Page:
Jeff Hensel leaves the same voicemail every July 23. “Today is the anniversary of my accident,” the 25-year-old Northern Illinois resident reminds people, as if those listening might actually forget that day in 1999 when his car slammed into a tree. “If it weren’t for Flight For Life and a lot of people who took care of me, I would not be here today.”
The patient was killed and the three crewmembers injured when their Air Evac Lifeteam Bell 206 crashed April 20 about 30 miles northeast of Evansville, Ind. According to an FAA preliminary report, the engine quit in flight. It was not immediately known if weather, described as good visibility under an overcast, was a factor in the accident. Air Evac Lifeteam is based in West Plains, Mo., and currently has 39 bases in 12 states.
Southwest Nebraska will receive its first-ever air ambulance in May–a Bell 407 operated by MedStar. Under current arrangements, hospitals or EMS agencies have to summon airborne services that are based nearly 100 miles away. The new flight service will be permanently based at McCook, Neb.
From a safety perspective, last year was not a good year for the air medical sector. A spate of fatal accidents has led to much media speculation about the safety record of U.S. air ambulances and even the medical benefits of using them so (apparently) freely. It has also further tarnished a deteriorating rate apparent in statistics from previous years.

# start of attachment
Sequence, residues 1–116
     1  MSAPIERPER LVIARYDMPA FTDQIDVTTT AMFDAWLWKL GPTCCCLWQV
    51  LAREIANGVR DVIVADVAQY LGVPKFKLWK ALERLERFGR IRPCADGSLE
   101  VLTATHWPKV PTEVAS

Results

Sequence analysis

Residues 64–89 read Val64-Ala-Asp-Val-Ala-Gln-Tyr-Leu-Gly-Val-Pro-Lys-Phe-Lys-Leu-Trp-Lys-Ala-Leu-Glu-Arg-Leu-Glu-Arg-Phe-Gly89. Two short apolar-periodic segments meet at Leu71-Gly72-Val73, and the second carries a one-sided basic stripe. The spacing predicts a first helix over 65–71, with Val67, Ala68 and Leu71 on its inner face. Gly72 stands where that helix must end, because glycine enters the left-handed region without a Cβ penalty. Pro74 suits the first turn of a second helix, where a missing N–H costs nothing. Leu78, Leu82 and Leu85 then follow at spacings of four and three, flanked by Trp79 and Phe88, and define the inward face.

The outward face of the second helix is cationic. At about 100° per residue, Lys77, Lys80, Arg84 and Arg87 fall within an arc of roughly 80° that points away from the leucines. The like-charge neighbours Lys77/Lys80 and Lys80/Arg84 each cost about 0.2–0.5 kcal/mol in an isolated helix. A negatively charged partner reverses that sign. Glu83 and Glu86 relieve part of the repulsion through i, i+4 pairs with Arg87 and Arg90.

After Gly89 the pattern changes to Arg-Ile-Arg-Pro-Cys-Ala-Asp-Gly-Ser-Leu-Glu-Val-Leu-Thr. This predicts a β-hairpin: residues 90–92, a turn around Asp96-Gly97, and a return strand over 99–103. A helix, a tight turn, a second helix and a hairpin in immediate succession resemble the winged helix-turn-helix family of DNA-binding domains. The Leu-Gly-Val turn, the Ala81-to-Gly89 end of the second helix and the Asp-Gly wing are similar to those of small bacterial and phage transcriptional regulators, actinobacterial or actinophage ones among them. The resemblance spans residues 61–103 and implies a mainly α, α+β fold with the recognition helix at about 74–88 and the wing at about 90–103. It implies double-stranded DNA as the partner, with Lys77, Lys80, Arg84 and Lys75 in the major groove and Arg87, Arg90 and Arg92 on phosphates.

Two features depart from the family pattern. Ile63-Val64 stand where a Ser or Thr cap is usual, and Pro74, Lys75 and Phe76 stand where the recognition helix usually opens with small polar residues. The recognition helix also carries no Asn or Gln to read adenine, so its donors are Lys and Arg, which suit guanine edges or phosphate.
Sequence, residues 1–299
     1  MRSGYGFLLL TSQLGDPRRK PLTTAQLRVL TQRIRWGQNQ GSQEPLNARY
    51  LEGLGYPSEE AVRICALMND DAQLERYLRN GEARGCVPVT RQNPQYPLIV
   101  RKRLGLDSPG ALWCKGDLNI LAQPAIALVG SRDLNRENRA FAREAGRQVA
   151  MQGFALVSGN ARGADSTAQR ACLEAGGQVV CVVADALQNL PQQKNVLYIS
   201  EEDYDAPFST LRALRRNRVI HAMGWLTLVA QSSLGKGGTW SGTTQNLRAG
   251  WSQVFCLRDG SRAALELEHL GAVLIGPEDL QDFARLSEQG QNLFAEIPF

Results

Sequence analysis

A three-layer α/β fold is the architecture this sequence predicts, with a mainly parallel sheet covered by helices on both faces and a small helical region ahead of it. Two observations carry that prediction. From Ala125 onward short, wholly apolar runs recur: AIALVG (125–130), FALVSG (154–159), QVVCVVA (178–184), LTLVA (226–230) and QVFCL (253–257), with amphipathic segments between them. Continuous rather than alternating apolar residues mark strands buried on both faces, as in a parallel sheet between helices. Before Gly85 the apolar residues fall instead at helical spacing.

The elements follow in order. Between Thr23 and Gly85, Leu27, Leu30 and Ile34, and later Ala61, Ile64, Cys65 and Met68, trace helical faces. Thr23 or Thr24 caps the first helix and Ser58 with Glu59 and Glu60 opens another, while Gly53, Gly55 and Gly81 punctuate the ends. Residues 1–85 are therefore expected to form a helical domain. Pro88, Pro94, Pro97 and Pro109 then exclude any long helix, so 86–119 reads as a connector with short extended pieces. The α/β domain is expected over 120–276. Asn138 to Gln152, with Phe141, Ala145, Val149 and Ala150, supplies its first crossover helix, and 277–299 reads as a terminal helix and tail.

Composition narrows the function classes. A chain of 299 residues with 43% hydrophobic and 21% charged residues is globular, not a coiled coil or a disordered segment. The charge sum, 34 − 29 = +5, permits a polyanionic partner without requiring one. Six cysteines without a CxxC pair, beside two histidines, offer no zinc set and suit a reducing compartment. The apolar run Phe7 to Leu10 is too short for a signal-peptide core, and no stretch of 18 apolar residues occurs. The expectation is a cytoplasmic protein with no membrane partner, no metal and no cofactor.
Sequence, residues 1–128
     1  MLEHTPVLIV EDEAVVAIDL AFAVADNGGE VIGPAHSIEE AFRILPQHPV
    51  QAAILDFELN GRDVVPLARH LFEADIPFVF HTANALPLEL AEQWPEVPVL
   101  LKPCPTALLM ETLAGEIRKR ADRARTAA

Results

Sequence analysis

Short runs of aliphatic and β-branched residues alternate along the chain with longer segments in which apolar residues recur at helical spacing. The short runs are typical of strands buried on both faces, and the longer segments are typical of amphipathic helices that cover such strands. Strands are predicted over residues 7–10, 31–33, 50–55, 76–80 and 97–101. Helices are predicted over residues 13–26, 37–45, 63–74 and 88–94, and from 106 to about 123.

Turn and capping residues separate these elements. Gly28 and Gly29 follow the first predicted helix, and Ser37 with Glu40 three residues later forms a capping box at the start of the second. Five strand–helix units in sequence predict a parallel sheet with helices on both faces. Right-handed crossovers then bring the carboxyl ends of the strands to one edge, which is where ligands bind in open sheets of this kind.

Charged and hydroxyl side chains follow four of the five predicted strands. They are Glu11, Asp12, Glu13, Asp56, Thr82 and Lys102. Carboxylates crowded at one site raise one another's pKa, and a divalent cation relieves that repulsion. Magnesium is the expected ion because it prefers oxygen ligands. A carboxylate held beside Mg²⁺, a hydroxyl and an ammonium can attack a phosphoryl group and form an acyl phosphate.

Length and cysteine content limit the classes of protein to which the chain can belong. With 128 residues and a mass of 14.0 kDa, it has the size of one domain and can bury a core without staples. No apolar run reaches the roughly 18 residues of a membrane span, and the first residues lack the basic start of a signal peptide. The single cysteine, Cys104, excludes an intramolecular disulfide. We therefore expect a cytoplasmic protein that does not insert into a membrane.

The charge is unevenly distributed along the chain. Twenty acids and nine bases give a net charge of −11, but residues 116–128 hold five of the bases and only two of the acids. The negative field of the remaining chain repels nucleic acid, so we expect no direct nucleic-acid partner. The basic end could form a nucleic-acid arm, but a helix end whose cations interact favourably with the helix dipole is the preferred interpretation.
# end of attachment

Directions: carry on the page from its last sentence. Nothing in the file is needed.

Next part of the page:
A New Zealand air ambulance trust has bought a second Sikorsky S-76 to meet a growing demand for emergency medical flights in Auckland. The Northland Emergency Services Trust expects the helicopter to enter service at its Whangarei base in the first quarter of this year.
Ten months ago all 16 of England’s and Wales’ air ambulances created the Association of Air Ambulance Charities (AAAC) to lobby the government to consider the needs of the air ambulance community. The AAAC argues that the lives and money the group saves warrant it some influence.
One of the helicopters gracing Eurocopter’s static display here at the Paris Air Show is a bright red-and-yellow EC 135 belonging to Norsk Luftambulanse (Norwegian Air Ambulance). The air medical helicopter is the company’s eighth EC 135. It also operates three BO 105 CBS helicopters and has an EC 145 on order, with delivery expected in October.
Among the 13 national and industry pavilions here at Dubai 2005 is one representing a group of aviation specialists from Austria. A strong VIP delegation from the country includes senior government officials, its ambassador to the United Arab Emirates and the embassy’s commercial attaché.
Several major hospitals in India have sought permission to launch helicopter emergency medical services (EMS), Indian news Web site The Hindu reported last month. They have applied to the DGCA, the country’s civil aviation authority, which has not yet made a decision. Among the hospitals’ request was permission to build rooftop helipads.
Some two years after the Eurocopter EC 145 entered service, it seems customers have forgotten the problems that delayed the program and caused early operational difficulties. Instead, European helicopter emergency medical service (HEMS) providers focus on the positive: they say they like the spacious cabin, significant payload, low noise and the extensive certified equipment.